Course Walk Before FEI World Cup Jumping Finals Speed Class

By Susan Artes, April 16, 2015

I remember walking the courses for the finals in 2007 and 2009. My recollections were that the arena was impossibly small, and back then I felt it would be extremely difficult.

I've come a long way as a rider since, so I figured it would look easier to me this time around. But it didn't.

In my conversation with Anthony D' Ambrosio, the course designer, we agreed that there was no specific place on the course that should cause a problem. Indeed the faults were spread out along the course. In my opinion the left turn rollback to the double, 5a and 5b, was challenging.

There weren't many options on course to make up time, so the clockings were very close between the top few placings. Since the format was Table C (faults converted into seconds), riders needed to make an effort to be fast. A very fast round with one jump down can still beat a clear round that is conservative, though that didn't happen at the top of the order.

The energy of the crowd was great tonight, and when the 19-year-old Flexible cruised to an easy clear round for second place, I know I wasn't the only one with goosebumps.

The jumps get bigger and wider for the next round, so the margin for error will become less. We'll see tonight who is ready for the test.


A Different Perspective

By Susan Artes, April 13, 2015


Susie’s partner and the kids at the barn made her a practice jump for the World Cup, but now they have painted over the original 2015 date they put on it so she can use it for next year’s Cup | Photo courtesy of Susie Artes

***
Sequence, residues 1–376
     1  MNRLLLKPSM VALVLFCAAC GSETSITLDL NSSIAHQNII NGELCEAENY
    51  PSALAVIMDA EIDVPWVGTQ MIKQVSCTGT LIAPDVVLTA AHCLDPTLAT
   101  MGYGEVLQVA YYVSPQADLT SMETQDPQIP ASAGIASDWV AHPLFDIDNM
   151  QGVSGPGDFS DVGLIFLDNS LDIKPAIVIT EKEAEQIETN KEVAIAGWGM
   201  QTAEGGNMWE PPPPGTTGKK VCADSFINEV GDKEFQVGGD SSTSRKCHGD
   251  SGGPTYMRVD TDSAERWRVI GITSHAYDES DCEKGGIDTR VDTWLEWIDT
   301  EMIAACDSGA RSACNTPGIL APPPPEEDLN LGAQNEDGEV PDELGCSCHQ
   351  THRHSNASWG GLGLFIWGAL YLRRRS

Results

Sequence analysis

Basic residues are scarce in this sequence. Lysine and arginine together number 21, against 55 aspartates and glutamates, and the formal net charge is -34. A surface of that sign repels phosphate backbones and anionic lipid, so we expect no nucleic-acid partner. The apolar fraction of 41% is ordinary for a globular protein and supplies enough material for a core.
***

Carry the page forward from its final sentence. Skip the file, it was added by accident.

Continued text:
Our blogger, Susie Artes, is gearing up to attend the Longines FEI World Cup Show Jumping finals, but not the way she had hoped to go. Although she finished second in the North American West Coast League to qualify for the finals, her full-steam-ahead trip to Las Vegas was derailed when her mount, Zamiro, came up with a slight injury.

But the indefatigable Susie, good sport that she is, will be in Vegas anyway to support the U.S. riders and fill you in on the inside view of the competition from a professional's vantagepoint. Here's her first blog as she prepares for her trip; be sure to check back for her other comments this week.

Ok, I admit it.

It makes me sad to see that horses from around the globe are arriving on U.S. soil for the Longines FEI World Cup Show Jumping Finals, knowing that Zamiro and I should have been among them.


Zamiro is hanging out and taking a rest when he isn’t walking under tack | Photo copyright by Alison Dyer
Of course, Zamiro doesn't have a clue of what we're missing -- he's just becoming rambunctious in our daily tack walk routine.

It was bittersweet when I tried on my new riding coat in preparation for representing the U.S. Hopefully, it will still fit when I get my next chance.

But my disappointment is wearing off, and I'm gearing up to walk the courses, an opportunity to learn and absorb as much as I can from the experience so that it won't feel brand new when I qualify the next time.

I'm excited for all the ambitious riders who have never had the opportunity to see what real international showjumping is. We don't get a chance to see this level on the West Coast very often, and it will inspire many to pursue their dreams. I hope to see you all there!


Let's Get Social

  • Facebook
  • Twitter
  • Pinterest
  • Instagram

Twitter

PARTNERS
Save
Subscribe Today
Equine Network